A Change of Plans
meet Fiona Bailey!
You may have noticed this newsletter has been missing from your inbox for several weeks now. I apologize for disappearing without notice.
The plan was to hire someone to run One More Question for three months after my daughter was born—which was supposed to be in August.
Fiona Bailey had different plans, arriving 7 weeks early on January 23.
She surprised us again when she was placed on my chest, immediately after birth. The doctors had warned me they might have to whisk her away if she struggled to breathe, which was a strong likelihood given her prematurity. But Fiona greeted us with hearty wails from deep within her little chest, limbs flexed and eyes open wide. I got to hold her immediately and marvel at her tiny fingers and toes and those big, beautiful eyes.
Unfortunately, we’ve since discovered that Fiona’s health is more complicated than it seemed. She has a rare condition in which a gap in her esophagus prevents food from passing from her mouth to her stomach. She’ll be in the NICU for at least 6 weeks while we wait for her to grow enough for surgery to connect the two ends.
My life has come to a screeching… not a halt, but a dramatic detour. My partner and I both stopped working much earlier than planned, and our days now revolve around Fiona, not at home as we envisioned come August, but at the hospital where she sleeps in a little incubator instead of her basinet, and a nurse has to help us hold her, to navigate all of the wires and tubes. It is a wondrous and heartbreaking experience. Our days are exhausting in the way so many parents warned us they would be—but also nothing like that at all.
Needless to say, my focus is far from writing and work these days. I’m on maternity leave, but without a definitive plan for how long. We don’t know exactly how long Fiona will need before surgery or how long she’ll need to recover, and I’m still figuring out how to strike a balance between taking the time I need now and saving some time off for when she’s finally home with us.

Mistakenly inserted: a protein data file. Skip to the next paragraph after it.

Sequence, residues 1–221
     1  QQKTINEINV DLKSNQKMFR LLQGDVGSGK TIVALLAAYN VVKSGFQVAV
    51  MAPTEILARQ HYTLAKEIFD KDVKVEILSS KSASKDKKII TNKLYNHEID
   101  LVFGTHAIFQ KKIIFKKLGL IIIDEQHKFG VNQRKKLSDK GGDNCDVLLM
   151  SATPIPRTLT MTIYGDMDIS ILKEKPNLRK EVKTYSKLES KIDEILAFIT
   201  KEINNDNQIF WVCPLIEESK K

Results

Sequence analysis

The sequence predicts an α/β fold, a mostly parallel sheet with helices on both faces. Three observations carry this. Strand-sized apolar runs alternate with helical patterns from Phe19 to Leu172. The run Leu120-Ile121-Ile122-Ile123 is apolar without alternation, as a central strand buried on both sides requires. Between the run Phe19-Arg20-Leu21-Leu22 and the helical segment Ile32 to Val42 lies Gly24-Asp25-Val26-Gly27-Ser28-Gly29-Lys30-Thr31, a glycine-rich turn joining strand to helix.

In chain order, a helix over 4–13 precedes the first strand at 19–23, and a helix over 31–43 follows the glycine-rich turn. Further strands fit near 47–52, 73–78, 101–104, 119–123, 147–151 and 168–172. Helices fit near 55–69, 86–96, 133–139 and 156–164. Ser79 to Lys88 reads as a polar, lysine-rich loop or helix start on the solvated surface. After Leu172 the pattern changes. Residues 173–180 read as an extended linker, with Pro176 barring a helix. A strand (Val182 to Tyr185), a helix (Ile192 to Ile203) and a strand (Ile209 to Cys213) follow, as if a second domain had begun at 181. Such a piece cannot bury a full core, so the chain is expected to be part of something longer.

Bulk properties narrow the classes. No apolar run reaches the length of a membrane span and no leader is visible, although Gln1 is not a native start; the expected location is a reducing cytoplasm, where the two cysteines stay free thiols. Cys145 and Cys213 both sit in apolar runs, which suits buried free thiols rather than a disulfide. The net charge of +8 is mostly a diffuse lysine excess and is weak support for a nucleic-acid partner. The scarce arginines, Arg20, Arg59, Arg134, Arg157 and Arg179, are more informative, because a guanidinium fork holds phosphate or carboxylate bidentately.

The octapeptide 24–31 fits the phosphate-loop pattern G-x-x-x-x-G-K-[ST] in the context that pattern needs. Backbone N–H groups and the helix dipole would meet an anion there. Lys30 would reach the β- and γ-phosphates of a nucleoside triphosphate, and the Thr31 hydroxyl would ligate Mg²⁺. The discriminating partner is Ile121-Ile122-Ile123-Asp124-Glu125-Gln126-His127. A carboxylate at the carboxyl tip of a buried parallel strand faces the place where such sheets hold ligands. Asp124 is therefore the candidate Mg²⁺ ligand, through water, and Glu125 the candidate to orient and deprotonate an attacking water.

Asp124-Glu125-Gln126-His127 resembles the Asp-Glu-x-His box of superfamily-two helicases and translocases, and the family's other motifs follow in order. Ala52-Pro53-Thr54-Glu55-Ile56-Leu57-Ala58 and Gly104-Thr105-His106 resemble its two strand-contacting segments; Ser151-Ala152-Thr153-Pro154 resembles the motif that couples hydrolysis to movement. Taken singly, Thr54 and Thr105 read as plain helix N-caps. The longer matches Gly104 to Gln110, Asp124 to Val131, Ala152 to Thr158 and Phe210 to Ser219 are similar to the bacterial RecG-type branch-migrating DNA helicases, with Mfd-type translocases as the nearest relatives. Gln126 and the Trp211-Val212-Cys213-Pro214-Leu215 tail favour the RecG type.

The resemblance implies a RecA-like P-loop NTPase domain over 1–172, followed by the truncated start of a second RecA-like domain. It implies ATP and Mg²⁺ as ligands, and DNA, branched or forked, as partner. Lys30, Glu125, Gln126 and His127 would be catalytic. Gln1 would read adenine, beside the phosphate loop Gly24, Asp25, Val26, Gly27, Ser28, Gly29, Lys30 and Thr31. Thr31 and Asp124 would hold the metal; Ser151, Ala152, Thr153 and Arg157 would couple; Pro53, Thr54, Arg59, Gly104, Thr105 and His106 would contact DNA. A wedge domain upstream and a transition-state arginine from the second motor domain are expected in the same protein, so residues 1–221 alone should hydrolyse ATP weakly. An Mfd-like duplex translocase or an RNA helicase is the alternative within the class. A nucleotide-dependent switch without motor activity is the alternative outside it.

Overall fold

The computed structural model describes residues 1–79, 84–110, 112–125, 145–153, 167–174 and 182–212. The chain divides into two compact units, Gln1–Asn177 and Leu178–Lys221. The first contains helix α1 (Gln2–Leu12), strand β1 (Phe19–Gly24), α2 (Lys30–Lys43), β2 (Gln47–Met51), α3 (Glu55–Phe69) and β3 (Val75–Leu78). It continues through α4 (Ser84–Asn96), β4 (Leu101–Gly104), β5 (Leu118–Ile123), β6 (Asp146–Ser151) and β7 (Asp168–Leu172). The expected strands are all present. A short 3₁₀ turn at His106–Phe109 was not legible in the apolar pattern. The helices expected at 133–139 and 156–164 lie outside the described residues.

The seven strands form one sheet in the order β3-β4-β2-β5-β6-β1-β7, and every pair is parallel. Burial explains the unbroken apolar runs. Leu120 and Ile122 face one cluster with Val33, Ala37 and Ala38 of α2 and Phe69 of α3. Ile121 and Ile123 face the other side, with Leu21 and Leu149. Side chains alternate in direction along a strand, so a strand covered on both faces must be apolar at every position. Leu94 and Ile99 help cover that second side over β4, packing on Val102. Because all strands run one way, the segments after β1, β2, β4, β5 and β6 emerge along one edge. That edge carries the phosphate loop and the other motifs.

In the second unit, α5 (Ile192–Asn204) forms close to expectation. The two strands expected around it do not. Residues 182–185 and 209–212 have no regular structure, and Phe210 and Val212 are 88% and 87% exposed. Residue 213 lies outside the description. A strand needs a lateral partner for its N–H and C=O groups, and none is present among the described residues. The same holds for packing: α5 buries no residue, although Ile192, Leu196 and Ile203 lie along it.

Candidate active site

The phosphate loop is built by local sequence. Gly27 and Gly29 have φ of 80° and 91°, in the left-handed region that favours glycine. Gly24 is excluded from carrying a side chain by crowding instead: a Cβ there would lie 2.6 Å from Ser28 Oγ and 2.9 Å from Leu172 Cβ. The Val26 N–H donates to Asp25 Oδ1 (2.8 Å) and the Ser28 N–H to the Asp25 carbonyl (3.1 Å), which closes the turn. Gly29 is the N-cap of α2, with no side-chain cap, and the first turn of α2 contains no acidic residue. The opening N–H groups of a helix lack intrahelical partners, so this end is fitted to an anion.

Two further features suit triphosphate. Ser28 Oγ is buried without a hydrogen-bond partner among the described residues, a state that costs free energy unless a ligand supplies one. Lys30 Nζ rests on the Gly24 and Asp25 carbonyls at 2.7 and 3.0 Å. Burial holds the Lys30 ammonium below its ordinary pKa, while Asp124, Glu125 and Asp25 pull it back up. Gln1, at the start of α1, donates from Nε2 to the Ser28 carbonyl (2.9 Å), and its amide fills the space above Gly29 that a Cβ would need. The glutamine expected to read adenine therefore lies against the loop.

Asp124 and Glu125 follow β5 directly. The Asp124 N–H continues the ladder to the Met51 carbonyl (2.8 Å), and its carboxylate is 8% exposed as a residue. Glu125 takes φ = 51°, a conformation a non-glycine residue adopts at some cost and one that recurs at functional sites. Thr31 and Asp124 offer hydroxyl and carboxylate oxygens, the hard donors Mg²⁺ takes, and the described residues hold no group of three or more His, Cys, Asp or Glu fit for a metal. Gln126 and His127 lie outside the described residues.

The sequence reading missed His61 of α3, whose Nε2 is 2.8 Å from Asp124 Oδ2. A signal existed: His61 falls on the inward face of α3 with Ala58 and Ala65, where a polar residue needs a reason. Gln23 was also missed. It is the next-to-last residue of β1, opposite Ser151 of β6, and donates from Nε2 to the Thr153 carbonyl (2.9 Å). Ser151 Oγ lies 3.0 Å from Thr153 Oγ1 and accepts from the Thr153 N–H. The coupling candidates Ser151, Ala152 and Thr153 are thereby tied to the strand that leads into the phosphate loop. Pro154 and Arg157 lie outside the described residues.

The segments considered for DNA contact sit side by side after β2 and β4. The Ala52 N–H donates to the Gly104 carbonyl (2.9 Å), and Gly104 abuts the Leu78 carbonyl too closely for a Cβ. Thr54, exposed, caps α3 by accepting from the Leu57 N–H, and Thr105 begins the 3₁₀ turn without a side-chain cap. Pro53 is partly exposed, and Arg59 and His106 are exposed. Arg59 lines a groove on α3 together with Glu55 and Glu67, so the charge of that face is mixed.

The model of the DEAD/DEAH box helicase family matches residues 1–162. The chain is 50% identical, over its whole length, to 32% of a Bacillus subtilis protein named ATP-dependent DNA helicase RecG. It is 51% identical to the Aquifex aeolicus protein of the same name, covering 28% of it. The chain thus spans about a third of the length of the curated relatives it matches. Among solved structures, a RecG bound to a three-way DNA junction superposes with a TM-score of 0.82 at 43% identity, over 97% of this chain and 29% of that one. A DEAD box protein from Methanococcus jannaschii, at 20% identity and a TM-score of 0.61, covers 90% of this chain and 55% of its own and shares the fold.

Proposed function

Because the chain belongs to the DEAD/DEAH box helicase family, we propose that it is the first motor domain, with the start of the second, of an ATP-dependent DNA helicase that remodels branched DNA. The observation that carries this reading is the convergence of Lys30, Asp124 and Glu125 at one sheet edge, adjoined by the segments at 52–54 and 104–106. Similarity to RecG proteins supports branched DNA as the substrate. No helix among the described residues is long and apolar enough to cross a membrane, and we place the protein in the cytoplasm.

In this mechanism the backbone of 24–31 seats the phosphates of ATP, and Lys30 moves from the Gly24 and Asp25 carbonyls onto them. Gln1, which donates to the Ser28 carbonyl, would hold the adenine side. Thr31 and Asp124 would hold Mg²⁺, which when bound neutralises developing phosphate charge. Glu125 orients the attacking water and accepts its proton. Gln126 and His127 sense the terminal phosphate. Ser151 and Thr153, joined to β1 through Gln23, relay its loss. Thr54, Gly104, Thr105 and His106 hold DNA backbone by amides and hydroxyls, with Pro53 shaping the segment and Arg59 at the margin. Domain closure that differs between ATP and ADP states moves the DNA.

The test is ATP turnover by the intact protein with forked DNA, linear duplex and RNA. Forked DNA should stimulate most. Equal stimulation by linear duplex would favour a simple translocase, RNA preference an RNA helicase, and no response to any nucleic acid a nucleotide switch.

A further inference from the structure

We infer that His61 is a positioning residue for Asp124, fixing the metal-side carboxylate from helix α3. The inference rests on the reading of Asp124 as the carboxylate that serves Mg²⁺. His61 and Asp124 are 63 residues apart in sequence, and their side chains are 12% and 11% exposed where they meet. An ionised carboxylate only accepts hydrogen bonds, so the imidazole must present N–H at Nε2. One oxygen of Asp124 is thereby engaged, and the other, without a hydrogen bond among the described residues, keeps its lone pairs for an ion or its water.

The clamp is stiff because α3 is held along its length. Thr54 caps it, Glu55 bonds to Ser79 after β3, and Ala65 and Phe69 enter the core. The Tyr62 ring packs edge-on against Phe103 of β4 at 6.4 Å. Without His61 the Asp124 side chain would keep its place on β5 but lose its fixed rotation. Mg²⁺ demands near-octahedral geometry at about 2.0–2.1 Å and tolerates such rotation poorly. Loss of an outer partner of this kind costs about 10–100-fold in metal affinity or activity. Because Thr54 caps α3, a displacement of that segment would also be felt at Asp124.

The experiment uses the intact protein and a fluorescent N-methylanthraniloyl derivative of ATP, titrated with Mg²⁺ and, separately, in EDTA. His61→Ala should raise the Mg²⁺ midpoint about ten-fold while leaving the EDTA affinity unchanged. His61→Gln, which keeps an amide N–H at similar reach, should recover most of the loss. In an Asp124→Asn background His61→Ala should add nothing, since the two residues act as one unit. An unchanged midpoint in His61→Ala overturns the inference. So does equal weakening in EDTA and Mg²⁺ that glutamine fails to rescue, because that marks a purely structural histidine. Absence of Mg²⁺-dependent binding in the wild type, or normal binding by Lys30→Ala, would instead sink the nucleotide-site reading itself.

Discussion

So, here’s the new plan, for now, as it pertains to OMQ.
I’ll be taking off from the newsletter for another two weeks. Then on July 19th, I’ll resume the weekly Tuesday issue with all of the writing opportunities and deadline reminders, funds, classes, and nuggets of inspiration that paid subscribers signed up for. While I won’t be returning to other work for awhile longer, the weekly Tuesday newsletter feels manageable. I think it will feel good to return to this practice of writing to you. (It will also be very helpful to have the continued income, as all of my other work stopped much sooner than planned.) I probably won’t include the intro essays, as I can’t imagine having anything useful to say about freelance writing right now. But we’ll see.
As with everything right now, I’ll have to see how it goes. If I resume OMQ and don’t feel like I’m able to deliver a certain level of quality, I’ll reassess from there.
If you applied to take over OMQ in my absence, I’m so sorry to be rescinding that opportunity. I just don’t have the bandwidth to finalize the search or the flexibility to pay someone as originally planned.
If you’re a paid subscriber, it would mean a lot if you stuck around. But I totally understand if the break plus the uncertainty of future issues makes this subscription less valuable to you. If that’s the case, feel free to unsubscribe—no hard feelings. ‘
Free subscribers, there will be less public content moving forward. But I hope you’ll stick around for the occasional free issue. And maybe you’ll decide to upgrade once I resume the Tuesday emails.
Also, I won’t really be responding to emails. Even though I’ll be back to sending the one weekly newsletter in just a couple weeks, that’s the only work I’ll be doing for the time being and emails will likely go unread for awhile. I need to limit how much time and effort I devote to OMQ for now, as being with my family and resting takes priority.
If you need help with pausing or canceling your subscription, all of that information is available through “settings” in your account on Substack. I’m sorry I can’t be more responsive on those questions.
Regardless of what level of subscription you have and what you decide moving forward, I am so grateful to everyone who has supported this project over the last couple of years. And thank you for understanding the sudden change of plans. And for being flexible if those plans change again.
I imagine I’ll eventually have lots to say about preparing for the unexpected as a freelancer and what it looks like to take parent leave when you don’t have a full-time employer, but for now I’ll have to focus on living all that.
See you soon…